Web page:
What is a D.O.?
"D.O." means Doctor of Osteopathic Medicine and is used by Osteopathic physicians.
Osteopathic medicine is practiced by D.O.s in the United States. Andrew Taylor Still, an M.D. who was dissatisfied with the effectiveness of 19th century medicine, pioneered osteopathic medicine. Osteopathic medicine was developed in 1874 by Dr. Andrew T. Still, M.D., D.O. who stated "Any variation from health has a cause, and the cause has a location. It is the business of the osteopathic physician to locate and remove it, doing away with the disease and getting healthy instead." He believed that many medications (at that time) were useless and even harmful. He identified the musculoskeletal system as a key component for good health.
- Both D.O.s and M.D.s typically have a four year undergraduate degree prior to medical training.
- Both D.O.s and M.D.s have spent four-years in medical education. Both take the MCAT and are subject to a rigorous application process. Historically, D.O. schools are more open to the non-traditional candidate.
- D.O.s, like M.D.s, choose to practice in a specialty area of medicine and complete a residency program ranging from 3-7 years. Some D.O.s complete the same residency programs as their M.D. counterparts.
- M.D. students take the USMLE exam and D.O. students take the COMLEX exam. Both must pass a state licensing examination to practice medicine.
- D.O.s perform surgery, deliver children, treat patients, prescribe medications and work in the same settings as M.D.s. D.O.s use the same tools, treatments and technologies of medicine as M.D.s.
- D.O.s receive extra training in the musculoskeletal system, which make up the nerves, muscles and bones of a person.
The main difference between the two types of physicians is that D.O.s have been specially trained to perform osteopathic manipulations on patients. They view the patient as a 'total person" and focus on preventative care. They view the whole body rather than treat specific symptoms or illness. D.O.s use Osteopathic Manipulative Treatment (OMT) in their practice. This involves the use of their hands to diagnose injury and illness and to encourage your body's natural ability to heal. Osteopathic medicine is a fast-growing segment of the United States healthcare field.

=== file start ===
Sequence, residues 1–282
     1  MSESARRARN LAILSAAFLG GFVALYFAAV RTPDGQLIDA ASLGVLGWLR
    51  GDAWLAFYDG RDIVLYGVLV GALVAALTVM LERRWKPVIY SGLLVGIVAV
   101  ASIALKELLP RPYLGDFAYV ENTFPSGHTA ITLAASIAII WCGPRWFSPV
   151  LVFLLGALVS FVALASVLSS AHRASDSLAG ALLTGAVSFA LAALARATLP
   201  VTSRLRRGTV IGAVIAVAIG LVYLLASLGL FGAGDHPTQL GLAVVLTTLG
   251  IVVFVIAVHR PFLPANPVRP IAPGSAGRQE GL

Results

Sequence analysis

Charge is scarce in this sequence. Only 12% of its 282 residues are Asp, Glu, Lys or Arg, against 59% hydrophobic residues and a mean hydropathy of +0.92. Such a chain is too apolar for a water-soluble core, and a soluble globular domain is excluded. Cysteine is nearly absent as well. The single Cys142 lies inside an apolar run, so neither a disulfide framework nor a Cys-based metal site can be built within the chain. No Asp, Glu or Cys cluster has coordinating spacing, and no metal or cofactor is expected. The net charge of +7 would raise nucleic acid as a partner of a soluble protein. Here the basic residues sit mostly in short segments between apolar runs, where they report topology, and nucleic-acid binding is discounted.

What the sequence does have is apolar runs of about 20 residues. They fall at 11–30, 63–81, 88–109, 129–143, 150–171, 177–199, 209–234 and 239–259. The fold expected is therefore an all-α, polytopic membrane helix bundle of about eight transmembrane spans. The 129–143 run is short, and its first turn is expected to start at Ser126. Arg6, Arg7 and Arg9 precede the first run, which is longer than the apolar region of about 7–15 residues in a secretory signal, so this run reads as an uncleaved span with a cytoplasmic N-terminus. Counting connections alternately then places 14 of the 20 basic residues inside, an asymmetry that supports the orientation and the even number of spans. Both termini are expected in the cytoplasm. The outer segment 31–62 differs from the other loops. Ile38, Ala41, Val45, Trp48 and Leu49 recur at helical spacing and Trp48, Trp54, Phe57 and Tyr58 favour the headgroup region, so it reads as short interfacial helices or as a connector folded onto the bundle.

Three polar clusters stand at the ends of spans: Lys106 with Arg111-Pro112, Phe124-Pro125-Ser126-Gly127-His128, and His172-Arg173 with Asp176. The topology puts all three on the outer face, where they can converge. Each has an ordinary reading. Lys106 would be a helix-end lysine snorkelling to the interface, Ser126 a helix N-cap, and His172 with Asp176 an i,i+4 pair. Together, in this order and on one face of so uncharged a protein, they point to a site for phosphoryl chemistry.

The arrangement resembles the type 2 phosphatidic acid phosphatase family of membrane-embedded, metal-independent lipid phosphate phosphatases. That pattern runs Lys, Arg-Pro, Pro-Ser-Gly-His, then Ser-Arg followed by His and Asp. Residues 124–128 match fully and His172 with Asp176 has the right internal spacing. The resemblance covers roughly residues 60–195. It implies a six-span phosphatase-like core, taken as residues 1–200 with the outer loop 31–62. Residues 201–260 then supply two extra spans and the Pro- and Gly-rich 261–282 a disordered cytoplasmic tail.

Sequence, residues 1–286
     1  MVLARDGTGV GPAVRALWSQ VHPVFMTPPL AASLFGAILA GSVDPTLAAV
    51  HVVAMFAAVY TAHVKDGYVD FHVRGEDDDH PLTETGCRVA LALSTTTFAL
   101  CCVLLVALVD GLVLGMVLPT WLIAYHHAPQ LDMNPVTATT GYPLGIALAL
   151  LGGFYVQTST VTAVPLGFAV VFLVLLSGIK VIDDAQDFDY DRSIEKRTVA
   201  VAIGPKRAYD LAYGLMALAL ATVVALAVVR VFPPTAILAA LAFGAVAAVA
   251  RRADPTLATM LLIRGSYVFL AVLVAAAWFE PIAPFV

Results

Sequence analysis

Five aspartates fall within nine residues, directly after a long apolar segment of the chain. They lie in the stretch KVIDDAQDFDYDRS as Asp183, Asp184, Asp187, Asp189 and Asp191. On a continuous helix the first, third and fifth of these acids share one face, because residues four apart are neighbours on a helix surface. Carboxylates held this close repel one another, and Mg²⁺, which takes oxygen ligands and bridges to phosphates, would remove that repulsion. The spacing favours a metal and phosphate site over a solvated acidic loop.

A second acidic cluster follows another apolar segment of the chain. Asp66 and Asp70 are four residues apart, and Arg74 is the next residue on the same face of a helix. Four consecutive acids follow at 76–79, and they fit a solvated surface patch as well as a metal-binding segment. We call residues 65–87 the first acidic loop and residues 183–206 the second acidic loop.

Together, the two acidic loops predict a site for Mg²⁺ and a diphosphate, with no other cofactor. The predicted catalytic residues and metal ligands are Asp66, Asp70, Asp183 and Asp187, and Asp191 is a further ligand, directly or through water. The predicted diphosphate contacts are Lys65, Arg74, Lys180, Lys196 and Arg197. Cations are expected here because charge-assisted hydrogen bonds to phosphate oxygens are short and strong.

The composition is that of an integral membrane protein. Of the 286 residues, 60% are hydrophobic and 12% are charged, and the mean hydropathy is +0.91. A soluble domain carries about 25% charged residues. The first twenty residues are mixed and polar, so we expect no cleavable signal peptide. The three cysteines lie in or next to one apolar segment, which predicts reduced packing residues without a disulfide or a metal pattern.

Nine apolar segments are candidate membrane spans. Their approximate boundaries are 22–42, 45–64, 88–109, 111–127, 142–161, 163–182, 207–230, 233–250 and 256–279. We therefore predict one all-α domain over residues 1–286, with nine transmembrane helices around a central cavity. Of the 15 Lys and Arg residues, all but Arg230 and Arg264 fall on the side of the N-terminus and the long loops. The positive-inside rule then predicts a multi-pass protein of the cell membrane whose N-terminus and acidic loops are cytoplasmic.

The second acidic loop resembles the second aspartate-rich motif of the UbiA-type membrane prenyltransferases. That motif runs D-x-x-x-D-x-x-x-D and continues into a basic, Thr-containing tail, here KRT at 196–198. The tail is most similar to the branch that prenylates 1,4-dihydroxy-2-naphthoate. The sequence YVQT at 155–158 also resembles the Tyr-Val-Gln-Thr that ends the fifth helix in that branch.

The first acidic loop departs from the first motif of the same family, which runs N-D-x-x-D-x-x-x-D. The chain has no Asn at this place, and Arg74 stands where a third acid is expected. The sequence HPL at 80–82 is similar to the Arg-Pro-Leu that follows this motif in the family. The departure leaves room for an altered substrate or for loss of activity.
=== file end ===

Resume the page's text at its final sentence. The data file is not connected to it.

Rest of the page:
The DO Difference
DOs are complete physicians who, along with MDs, are licensed to prescribe medication and perform surgery in all 50 states. But DOs bring something extra to the practice of medicine. Osteopathic physicians practice a "whole person" approach to medicine, treating the entire person rather that just the symptoms. With a focus on preventive health care, DOs help patients develop attitudes and lifestyles that don't just fight illness, but help prevent it, too.
DOs are trained to be doctors first, and specialists second. The majority of DOs are family-oriented primary care physicians. Many DOs practice in small towns and rural areas, where they often care for entire families and communities.
History of Osteopathic Medicine
Andrew T. Still, an MD who was dissatisfied with the effectiveness of 19th century medicine, pioneered osteopathic medicine. He was one of the first in his time to study the attributes of good health to better understand disease. Dr. Still's philosophy focuses on the unity of all body parts and identifies the musculoskeletal system as a key element of health. He introduced the idea of returning the body to health through manipulation based on a thorough understanding of the body's systems.
In 1892, Dr. Still obtained a state charter to establish the first school of osteopathic medicine in Missouri. Despite a legislative attack on the osteopathic profession mounted by allopathic physicians (MDs), osteopathic medicine grew. Vermont was the first state to recognize osteopathic medicine in 1896. In 1897, the American Association for Advancement of Osteopathy (now the American Osteopathic Association) was founded in Kirksville, Missouri. Now, there are 19 schools of osteopathic medicine in the country.
Osteopathic Manipulative Medicine
DOs receive extra training in manipulating the musculoskeletal system - your body's interconnected system of nerves, muscles and bones that make up two-thirds of your body mass. This training in osteopathic manipulative medicine (OMM) provides osteopathic physicians with a better understanding of how an injury or illness in one part of the body can affect another.
OMM is incorporated into the training of all osteopathic physicians. With OMM, DOs use their hands to diagnose injury and illness and to encourage your body's natural tendency toward good health. By combining all other medical procedures with OMM, DOs offer their patients the most comprehensive care available in medicine today.
The osteopathic curriculum involves four years of academic study, with an emphasis on preventive medicine and holistic patient care. DOs serve a one-year internship, gaining hands-on experience in family medicine, internal medicine, obstetrics-gynecology, pediatrics and surgery. This experience ensures that osteopathic physicians are first trained as primary care physicians - even if they plan to pursue a specialty. Many DOs then complete a residency program in a specialty area, which typically requires two to six years of additional training.